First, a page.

It involves injecting very small radioactive particles known as SIR-Spheres into the blood supply of the liver. Because of their size, the microspheres lodge in the small blood vessels of the tumours where they deliver a localised dose of radiation.
SIRT provides an opportunity to irradiate cancer inside the liver that cannot otherwise be treated by surgery or other techniques. SIRT also minimises radiation damage to healthy cells in other parts of the body.
There is some evidence that SIRT can help slow the progression of the disease in combination with chemotherapy.
They are extremely small resin beads that contain the radioactive substance yttrium-90 (Y-90).
Due to the unique anatomy of the liver and its blood supply, these microspheres can be delivered directly into any liver tumour.
At about one-third the diameter of a strand of hair, the microspheres are small enough to travel through the hepatic arteries, but too large to pass through the smallest blood vessels in the tumour where they become lodged. The radiation emitted from the microspheres extends about 1cm into surrounding tissues and lasts from 2-4 weeks. This targeted treatment allows maximum radiation to be administered to the tumour cells while reducing exposure to the remaining healthy tissue.
When is SIRT a treatment option?
SIRT is used where cancer in the liver cannot be removed with surgery or techniques such as radiofrequency ablation.
- SIRT is only suitable for bowel cancer patients where the liver is the only or main site of disease. SIRT has no effect on cancer outside the liver.
- Patients must have a sufficiently healthy liver, which can usually be determined by a simple blood test.
- Radiation therapy is not suitable for women who are pregnant or breast-feeding or intend to become pregnant or breastfeed within two months of treatment. Radiation may cause irreversible harm to an unborn baby or infant.
Preparation for SIRT
Your treatment team, that will include a specialist known as an interventional radiologist, will ask about your previous cancer history and other medical conditions.
They will conduct initial tests to ensure that it is possible for you to receive SIRT safely. SIRT involves two procedures performed under conscious sedation. Both procedures will include a radiology procedure known as an angiogram.
The purpose of the first procedure is to map and prepare your liver for SIRT. During the mapping procedure your interventional radiologist will block some blood vessels to minimize the potential for the microspheres to travel beyond your liver (e.g. to the stomach or intestine). You will also receive a small amount of radioactive 'test beads' to check for any flow of beads from the liver to the lungs.
Assuming that the results of these initial tests are acceptable, the appropriate dose of SIR-Spheres microspheres will be determined. The SIR-Spheres microspheres will then be administered during a second procedure, which is typically conducted one to two weeks after the initial tests are completed.
A small flexible tube, known as a catheter, is then guided through the artery into the liver.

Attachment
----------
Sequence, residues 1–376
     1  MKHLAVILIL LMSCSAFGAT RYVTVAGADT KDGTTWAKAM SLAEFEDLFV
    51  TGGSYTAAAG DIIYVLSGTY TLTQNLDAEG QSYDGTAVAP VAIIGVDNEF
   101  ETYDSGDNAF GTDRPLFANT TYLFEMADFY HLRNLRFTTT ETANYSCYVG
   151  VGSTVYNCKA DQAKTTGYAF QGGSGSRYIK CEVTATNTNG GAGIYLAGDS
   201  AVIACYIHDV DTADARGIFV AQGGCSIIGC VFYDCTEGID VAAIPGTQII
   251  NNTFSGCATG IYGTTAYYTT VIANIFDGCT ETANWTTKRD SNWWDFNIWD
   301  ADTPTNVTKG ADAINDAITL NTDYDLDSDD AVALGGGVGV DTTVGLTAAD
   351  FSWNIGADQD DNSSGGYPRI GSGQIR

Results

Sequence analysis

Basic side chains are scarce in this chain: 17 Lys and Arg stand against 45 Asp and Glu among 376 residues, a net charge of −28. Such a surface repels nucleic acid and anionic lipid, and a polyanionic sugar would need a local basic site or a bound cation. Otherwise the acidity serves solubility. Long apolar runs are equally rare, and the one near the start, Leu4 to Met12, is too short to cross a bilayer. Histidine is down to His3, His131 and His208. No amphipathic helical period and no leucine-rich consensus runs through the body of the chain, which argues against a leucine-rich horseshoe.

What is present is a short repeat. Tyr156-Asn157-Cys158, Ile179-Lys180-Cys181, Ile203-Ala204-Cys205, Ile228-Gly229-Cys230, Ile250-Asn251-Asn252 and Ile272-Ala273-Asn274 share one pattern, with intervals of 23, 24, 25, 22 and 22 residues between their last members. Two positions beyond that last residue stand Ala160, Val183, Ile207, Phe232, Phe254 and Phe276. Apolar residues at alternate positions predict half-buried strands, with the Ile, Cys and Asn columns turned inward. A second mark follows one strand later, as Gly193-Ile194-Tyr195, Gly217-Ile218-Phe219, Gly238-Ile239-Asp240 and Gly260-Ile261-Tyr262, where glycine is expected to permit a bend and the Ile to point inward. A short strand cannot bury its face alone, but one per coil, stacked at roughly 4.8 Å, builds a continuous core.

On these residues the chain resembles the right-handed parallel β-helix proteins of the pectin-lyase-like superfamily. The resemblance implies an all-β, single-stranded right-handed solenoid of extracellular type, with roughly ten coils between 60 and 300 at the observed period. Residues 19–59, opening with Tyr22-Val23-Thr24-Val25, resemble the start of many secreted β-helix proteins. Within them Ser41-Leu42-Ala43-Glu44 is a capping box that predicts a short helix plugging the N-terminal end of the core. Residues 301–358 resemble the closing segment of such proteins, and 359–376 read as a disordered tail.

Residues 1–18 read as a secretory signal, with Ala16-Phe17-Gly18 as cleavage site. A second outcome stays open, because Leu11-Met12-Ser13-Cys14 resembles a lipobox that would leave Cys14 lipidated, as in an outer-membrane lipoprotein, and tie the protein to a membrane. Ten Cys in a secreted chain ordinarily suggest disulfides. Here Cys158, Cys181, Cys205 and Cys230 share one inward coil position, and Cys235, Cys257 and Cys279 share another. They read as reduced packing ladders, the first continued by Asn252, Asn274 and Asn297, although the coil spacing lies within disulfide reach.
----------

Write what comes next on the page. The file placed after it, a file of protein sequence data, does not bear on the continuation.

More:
The SIR-Spheres microspheres are administered through this catheter.
You will also be monitored for a few hours after the procedure to enable the treatment team to determine whether you have any side effects or complications that require additional medication.
Since you will have received a radioactive treatment, there are some simple precautions that need to be taken during the first 24 hours following SIRT procedure.
- thorough washing of your hands after going to the toilet
- cleaning up any spills of body fluids such as blood, urine, or stools and disposing of them in the toilet
Your treatment team will provide you with further information on these precautions. Your treatment team will also monitor your progress using blood tests and radiography scans at periodic intervals.
Your oncologist will determine if your chemotherapy needs to be stopped during this time. Most patients stop two weeks before SIRT and for two weeks after.
How soon can I go home after SIRT?
Normally, you can be discharged 4-6 hours after the procedure. Most patients can resume their normal daily activities within two to three days. In rare cases, some patients may need to stay overnight in the hospital for observation.
What are possible side effects of SIRT?
Many patients experience abdominal pain and nausea, which normally subside after a short time or with routine medication. Many patients also develop a mild fever that may last for up to a week and fatigue, which may last for several weeks. Pain-killers, anti-inflammatory, anti-nausea and anti-ulcer drugs can help prevent or minimise these side effects.
Are there any serious complications associated with SIRT?
In rare instances and even in experienced hands, there is the possibility that some microspheres may inadvertently reach other organs such as the gall bladder, stomach, intestine or pancreas where they may cause inflammation. Your treatment team will have received special training to minimise or manage these risks.
Will I lose my hair?
Hair loss has never been reported following treatment with SIR-Spheres microspheres. If you are receiving chemotherapy this may cause hair loss, however SIR-Spheres microspheres will not make this worse.
Will I have to change what I eat or drink?
You should continue to eat and drink as normal. Adequate levels of food and in particular, fluids, will help you return to your normal daily activities. Your specialist is the best person to advise you regarding alcohol consumption.